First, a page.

Simple but sophisticated rooms offer modern perks, such as an iPod docking station and a flat-screen television. // © 2014 Esencia
The sun had barely risen when I sat on my terrace, pounding on my laptop single-mindedly. Looking up to ponder a word, I noticed carafes of orange juice and coffee on the table. A bit later, a basket of pan dulce (sweet pastries) appeared. Peering through lush foliage, I spotted a waiter at the edge of the nearby restaurant and waved. He walked over, nodded at my thanks and said, “You needed this.”
I couldn’t have agreed more.
The year was 2007, and the Riviera Maya region was beginning to boom. I was writing a guidebook to the area, racing from hotel to hotel, and I desperately needed some downtime and pampering. Having heard positive reviews about the new seaside estate, I made my way to Esencia.
The property belongs to the Duchess of Ferrari (no relation to the flashy car company), who had used it as a vacation villa before turning it into a small, exclusive hotel. My suite, located in the white Mediterranean-style guesthouse beside the main villa, was beyond minimalist, with an unadorned desk and a low bed dressed in white Egyptian linens. Pieces of driftwood and a bowl of oranges created a sense of sophisticated simplicity.
A rustic, Maya-style building of slatted wood housed the spa, and the restaurant overlooked a small pool. Despite the modest style, the hotel had an air of refined exclusivity. After indulging in a massage, dozing on the white-sand beach of the idyllic Playa Xpu-Ha and savoring several helpings of delicious ceviche and grilled fish, I knew I had found a true gem.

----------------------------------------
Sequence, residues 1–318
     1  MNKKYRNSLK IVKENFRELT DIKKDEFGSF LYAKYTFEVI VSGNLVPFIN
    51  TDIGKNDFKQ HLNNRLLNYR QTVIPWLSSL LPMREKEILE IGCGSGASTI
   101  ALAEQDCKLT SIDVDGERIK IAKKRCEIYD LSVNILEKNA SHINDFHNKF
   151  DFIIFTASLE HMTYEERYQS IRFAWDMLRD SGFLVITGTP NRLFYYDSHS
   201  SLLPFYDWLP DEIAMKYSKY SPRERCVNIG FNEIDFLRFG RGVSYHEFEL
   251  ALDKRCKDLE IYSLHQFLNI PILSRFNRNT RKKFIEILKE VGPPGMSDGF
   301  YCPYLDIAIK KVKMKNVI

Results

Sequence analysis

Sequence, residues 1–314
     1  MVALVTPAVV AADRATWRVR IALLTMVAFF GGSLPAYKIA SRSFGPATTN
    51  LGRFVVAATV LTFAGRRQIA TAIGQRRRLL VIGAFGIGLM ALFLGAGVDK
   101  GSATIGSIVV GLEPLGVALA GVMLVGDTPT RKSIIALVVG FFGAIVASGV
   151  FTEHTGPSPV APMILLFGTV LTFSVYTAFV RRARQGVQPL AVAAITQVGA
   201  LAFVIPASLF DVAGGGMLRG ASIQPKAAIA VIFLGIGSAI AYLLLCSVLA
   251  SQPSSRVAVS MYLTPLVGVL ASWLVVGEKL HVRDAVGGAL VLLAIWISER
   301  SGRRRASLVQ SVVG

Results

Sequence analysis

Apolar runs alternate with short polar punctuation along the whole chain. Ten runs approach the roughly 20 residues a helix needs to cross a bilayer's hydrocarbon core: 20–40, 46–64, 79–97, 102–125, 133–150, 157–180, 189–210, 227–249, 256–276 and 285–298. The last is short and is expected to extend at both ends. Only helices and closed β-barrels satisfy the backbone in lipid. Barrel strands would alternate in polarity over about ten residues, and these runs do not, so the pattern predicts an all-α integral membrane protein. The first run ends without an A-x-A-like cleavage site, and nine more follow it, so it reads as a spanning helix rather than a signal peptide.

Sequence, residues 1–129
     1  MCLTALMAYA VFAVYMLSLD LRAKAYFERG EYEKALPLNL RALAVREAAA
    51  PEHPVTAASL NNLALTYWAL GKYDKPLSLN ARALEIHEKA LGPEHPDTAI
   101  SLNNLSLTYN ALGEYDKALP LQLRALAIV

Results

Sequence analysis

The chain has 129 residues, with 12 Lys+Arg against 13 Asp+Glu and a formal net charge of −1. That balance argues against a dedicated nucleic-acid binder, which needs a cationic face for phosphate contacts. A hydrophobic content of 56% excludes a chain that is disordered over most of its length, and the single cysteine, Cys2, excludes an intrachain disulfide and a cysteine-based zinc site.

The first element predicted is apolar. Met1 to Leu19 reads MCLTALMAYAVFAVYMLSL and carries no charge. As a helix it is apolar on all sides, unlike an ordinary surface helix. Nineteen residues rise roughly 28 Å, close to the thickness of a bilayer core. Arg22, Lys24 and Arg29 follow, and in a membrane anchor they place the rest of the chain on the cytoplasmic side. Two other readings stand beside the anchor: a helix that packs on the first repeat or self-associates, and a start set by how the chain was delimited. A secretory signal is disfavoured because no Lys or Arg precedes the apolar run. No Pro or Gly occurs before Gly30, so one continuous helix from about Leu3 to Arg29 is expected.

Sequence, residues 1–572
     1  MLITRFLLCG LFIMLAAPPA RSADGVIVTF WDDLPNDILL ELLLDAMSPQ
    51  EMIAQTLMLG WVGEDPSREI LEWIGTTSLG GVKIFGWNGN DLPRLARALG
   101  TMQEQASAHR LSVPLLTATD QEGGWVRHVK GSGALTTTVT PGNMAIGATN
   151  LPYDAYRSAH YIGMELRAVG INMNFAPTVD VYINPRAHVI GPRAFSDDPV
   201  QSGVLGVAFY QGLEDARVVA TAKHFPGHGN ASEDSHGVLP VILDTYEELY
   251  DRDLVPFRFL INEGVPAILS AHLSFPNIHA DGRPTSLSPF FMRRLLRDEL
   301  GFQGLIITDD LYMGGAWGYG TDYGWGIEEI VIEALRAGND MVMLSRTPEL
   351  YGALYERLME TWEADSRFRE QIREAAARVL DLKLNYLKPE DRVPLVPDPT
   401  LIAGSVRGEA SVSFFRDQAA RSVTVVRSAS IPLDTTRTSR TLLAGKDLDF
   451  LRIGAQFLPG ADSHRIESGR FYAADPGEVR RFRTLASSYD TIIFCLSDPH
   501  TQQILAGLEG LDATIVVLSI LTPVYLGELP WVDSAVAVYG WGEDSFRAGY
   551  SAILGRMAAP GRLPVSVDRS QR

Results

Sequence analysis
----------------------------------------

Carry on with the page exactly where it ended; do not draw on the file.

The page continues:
I’ve returned twice since that original visit, and despite some alterations, Esencia still remains free of ostentation and ornate decoration. The number of accommodations has grown to 29, spread over the estate’s 50 acres. New two-story thatched-roof buildings and elaborate cottages are buried amid dense vegetation beside broad lawns.
On my first two visits, I stayed in the guesthouse and villa, but last spring I reluctantly passed on those incomparable oceanview suites and tried out a second-story garden suite instead. The decor and amenities were identical to the oceanview suite, including the Molton Brown toiletries in the bathroom. The room also had the same technology as the other suite — remote-controlled shades, indirect lighting, a wide-screen television, a sub-zero fridge and a loaded iPod. Plus, the garden suite had a private plunge pool and a balcony buried in trees, where birds sang and flitted about, trying to steal my morning pastries. The setting was so serene that I hardly missed the sea view.
The estate now has two side-by-side pools, an outdoor yoga studio and a temazcal (a sweat lodge), and the sugar-white beach remains one of the loveliest along the coast. The spa is still simple, with some of the best therapists I’ve ever met. Best of all, the cuisine has remained so top-notch that I can’t imagine straying from the grounds for a meal. On a recent visit, Chef Bernardo Garcia showed me how to make one of my favorites, ceviche verde, in one of his regular cooking classes. Breakfast and lunch are served poolside, while dinner is more formally presented in the candlelit Sal y Fuego restaurant. The chef offers Yucatecan dishes, along with seafood, lamb and vegetarian options. The wine and tequila lists are suitably impressive.
I’ve heard that the Duchess is still on property sometimes. Though in my three visits I haven’t caught a glimpse of her, I’m so glad she has opened her home to unfamiliar guests and I’m grateful for her impeccable taste. The Rivera Maya is packed with exceptional resorts, but in my experience, Esencia delivers the most regal escape.